Front-Wheel Drive and Boat Towing
A buddy of mine was nosing around the Auto Trader the day looking for a used SUV to replace his older beater. He's got a ship, so that he definitely looked for something that would pull it but he didn't need a full-sized SUV. He was really interested in a 2011 Explorer because it has a score and fits the needs of his family with its third-row chairs.
I told him the ideal way to check at this is from the numbers. His ship weighs perhaps somewhat more once the ship was constructed due to the engine, which was not accessible. Depending Insert into a dual-axle preview and on what it's made of, he is likely towing at least 3,750 to 4,000 lbs.
As a guideline, I always suggest getting about 1,500 pounds of capability so that you're not asking everything of your vehicle each time you tow . But there is a million pounds a buffer that is decent, which means that ought to be OK.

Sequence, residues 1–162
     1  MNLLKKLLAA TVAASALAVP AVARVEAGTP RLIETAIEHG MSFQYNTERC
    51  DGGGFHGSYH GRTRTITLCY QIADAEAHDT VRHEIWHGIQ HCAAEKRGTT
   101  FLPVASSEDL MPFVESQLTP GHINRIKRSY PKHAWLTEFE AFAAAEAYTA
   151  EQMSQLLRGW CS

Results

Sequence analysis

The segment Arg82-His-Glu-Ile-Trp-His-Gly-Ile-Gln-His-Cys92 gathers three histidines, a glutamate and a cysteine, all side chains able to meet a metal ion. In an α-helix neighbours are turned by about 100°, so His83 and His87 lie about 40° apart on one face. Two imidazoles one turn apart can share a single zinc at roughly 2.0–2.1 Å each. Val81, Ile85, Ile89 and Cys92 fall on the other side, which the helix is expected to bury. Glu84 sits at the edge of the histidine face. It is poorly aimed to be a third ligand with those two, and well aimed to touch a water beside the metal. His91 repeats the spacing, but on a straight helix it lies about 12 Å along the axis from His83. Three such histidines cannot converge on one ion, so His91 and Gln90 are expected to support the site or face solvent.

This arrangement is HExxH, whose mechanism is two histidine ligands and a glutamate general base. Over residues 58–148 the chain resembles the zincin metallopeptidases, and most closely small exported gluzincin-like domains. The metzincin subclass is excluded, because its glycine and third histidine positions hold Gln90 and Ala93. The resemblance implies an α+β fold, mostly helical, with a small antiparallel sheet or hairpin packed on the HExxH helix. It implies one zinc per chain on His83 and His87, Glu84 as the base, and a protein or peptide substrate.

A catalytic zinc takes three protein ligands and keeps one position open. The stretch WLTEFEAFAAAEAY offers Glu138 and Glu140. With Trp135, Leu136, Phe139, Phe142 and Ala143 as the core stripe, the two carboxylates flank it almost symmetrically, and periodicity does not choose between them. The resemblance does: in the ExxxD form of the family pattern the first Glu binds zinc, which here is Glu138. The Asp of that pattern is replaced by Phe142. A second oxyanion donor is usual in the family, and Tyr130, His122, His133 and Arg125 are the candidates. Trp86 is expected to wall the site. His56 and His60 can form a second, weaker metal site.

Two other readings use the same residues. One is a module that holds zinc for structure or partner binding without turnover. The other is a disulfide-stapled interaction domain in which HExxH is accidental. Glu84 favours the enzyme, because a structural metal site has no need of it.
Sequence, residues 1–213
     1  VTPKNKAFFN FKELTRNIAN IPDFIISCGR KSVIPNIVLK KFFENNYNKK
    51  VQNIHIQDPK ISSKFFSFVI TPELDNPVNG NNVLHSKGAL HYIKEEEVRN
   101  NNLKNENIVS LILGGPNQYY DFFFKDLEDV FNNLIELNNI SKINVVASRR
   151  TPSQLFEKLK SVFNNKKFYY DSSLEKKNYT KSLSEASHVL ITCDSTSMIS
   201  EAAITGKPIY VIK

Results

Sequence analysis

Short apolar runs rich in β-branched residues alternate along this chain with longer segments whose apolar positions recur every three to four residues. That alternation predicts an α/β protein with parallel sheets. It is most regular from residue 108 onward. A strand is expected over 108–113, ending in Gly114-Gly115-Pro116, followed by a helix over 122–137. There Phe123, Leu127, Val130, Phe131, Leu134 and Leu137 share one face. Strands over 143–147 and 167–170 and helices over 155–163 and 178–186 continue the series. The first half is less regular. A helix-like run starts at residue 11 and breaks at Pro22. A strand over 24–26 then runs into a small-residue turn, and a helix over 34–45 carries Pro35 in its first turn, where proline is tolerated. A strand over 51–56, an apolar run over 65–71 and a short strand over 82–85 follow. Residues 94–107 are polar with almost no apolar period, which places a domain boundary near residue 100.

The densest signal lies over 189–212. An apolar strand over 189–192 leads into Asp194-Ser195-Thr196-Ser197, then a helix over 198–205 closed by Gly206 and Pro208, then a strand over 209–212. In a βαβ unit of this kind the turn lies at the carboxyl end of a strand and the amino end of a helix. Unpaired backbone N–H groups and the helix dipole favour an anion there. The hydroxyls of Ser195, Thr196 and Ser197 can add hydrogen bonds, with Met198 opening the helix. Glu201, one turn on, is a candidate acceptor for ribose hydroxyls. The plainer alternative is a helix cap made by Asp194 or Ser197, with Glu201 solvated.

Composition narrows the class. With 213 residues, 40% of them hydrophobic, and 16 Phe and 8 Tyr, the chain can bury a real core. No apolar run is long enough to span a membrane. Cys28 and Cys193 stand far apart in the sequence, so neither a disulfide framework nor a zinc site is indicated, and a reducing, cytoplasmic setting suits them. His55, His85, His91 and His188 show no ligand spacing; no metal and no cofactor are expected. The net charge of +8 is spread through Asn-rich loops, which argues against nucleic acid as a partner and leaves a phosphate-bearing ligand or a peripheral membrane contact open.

His concern was that the 2011 Explorer is front-wheel drive. He wondered if it could pull his boat up a ramp. The answer is that it likely will not have much trouble doing this with all the tongue weight unloading the drive wheels, which generally will be on the slippery segments that arrive with changes rather on the section of the launch ramp.
That said, I generally like rear-wheel drive over a transverse-mounted front-wheel push V6 and a longitudinal engine mounting. The tongue weight will help out with grip instead of diminish it, as can happen with front-wheel drive Whenever you have the trailer hooked up to a rear-wheel-drive vehicle.
I told my friend he may want to think about the Jeep Grand Cherokee -- other vehicles, too, the Toyota 4Runner, or VW's Touareg, all which feature motors and available four- or all-wheel drive. The 4Runner has a towing capacity comparable to the Explorer, along with the Grand and Touareg Cherokee have more.
That is the thing about owning a boat--it affects your life that is automotive . Sure, you may pull a boat but do you really want to?